But whether all, or any, or none of the classes of oaths which we have specified, be deemed by the Legislature, after serious deliberation, unnecessary, and therefore to be abolished, I have no doubt at all that a most material change is called for in the manner of administering oaths, as well in the higher courts of justice, as in the other departments of our polity in which the use of oaths may be retained.

· I will not dwell upon the rapidity with which we sometimes have heard the solemn words indecently hurried over, in an affair which ought to be, from beginning to end, deliberate and solemn; be-. cause great improvement has certainly, in this respect, been discernible within these late years. One most desirable alteration, however, would be, that either the presiding judge, or a magistrate, should administer the oath; at all events, it should be an officer in rank and importance much above those who are now usually employed for that purpose; and another improvement should be, that as much as possible, whenever oaths are administered, the ceremony should not be going on amidst the clamour and confusion of the court *. I will not presume to say, that an oath should never under any circumstances be administered by any one except the chief person in authority present, nor that it should never be administered except when the business of the court was altogether suspended for the solemnity, because

* I have been informed by a lawyer, that the manner in which the oath is administered in courts martial is much more solemn than we generally find it to be in the civil courts. He referred especially to a trial which took place in 1782, when the Judge Advocate and the witness both laid their hands on the Gospels, the witness repeating the oath in his own person after the Judge Advocate. We must not, however, forget that much of the impression made when we witness a proceeding for the first time, is worn off by familiarity,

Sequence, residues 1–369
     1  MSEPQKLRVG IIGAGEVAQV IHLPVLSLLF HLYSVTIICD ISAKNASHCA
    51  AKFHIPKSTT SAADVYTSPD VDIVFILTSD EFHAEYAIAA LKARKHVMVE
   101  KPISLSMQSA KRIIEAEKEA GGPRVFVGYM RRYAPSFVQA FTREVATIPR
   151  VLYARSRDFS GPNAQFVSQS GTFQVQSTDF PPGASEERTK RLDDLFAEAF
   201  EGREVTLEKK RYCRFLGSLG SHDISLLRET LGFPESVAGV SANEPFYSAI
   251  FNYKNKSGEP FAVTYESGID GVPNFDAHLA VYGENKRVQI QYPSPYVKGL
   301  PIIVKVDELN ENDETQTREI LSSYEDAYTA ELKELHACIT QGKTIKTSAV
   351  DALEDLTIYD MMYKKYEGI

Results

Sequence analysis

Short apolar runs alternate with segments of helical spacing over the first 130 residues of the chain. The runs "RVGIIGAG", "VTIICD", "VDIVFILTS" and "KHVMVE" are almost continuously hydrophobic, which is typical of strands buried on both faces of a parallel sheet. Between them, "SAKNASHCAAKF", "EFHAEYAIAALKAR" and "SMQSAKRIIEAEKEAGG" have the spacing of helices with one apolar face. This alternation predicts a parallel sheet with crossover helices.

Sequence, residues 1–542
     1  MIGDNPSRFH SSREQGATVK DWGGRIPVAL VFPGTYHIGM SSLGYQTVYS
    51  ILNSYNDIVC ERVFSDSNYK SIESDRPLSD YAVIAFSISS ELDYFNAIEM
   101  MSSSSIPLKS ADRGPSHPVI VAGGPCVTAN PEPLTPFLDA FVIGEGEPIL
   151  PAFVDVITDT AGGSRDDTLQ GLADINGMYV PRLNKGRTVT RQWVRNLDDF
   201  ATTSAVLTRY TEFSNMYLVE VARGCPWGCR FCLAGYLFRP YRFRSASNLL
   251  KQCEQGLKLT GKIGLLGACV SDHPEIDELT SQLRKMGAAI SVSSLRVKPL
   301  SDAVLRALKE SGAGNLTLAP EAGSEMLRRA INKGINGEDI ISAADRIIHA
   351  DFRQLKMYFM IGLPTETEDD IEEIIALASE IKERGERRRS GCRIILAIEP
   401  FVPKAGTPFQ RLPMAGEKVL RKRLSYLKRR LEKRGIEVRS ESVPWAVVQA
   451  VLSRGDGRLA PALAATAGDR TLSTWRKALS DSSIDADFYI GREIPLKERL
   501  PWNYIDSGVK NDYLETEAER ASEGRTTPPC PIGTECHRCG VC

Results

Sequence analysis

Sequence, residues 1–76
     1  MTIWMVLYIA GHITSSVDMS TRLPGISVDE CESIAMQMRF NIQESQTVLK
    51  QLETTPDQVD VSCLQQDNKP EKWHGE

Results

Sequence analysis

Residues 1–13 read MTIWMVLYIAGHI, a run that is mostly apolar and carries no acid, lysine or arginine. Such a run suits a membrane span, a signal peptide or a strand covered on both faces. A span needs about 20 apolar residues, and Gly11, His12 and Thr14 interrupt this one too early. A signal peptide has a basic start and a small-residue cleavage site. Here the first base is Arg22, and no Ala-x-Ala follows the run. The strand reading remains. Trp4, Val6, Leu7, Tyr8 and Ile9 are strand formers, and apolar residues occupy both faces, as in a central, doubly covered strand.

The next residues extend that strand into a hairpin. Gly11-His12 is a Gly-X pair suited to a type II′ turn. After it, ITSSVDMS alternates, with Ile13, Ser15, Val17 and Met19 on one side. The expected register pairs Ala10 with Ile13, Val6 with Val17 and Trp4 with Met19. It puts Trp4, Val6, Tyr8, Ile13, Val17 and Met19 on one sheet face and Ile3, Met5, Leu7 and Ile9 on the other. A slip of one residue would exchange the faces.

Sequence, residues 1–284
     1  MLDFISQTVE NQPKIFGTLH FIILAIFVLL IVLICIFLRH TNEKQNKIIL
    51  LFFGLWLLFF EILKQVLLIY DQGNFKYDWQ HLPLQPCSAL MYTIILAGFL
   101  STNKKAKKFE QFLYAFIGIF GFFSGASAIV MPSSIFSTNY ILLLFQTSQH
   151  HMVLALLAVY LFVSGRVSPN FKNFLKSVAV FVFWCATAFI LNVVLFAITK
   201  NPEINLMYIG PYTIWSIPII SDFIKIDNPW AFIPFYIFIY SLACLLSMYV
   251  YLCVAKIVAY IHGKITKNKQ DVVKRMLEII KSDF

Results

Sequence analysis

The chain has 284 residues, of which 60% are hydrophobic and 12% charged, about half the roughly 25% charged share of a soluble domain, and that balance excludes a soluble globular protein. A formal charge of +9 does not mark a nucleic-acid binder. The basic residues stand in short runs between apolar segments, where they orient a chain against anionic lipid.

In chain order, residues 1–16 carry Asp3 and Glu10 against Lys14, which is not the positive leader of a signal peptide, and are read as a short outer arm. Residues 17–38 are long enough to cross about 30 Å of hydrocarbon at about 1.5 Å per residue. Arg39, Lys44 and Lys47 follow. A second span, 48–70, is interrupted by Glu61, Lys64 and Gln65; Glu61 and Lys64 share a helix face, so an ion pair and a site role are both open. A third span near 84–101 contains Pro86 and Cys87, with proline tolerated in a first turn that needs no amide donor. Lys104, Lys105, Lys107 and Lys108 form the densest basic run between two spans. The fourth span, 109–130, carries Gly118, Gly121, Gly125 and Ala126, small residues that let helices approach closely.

that would be entering more into detail than our present plan requires; and I should be unwilling to give room for objections to specific practical alterations, which might tend to deprive the general principles upon which I would insist, of a careful scrutiny and a fair unprejudiced consideration. I cannot, however, help confessing the regret which I have often felt on witnessing in the criminal court at an assize so marked a contrast between the correct, solemn, and impressive manner in which the judge's marshal has administered the oath to the grand jury, and the absence of all solemnity and impressiveness when the petty jury are sworn by the crier of the court; though the petty jury consists chiefly of persons of far less cultivated minds, and from their very station and circumstances of life, and the very duties too, which they are then called upon to discharge, requiring far more than those who usually constitute the grand jury, the additional influence of a solemn and impressive address.

A method also might probably be adopted, without the slightest inconvenience to any party, or the least prejudice to the cause of justice and truth, by which witnesses who are to go before the grand jury might be sworn; and the present hurried and confused manner of swearing them in the midst of the bustle and crowd of the court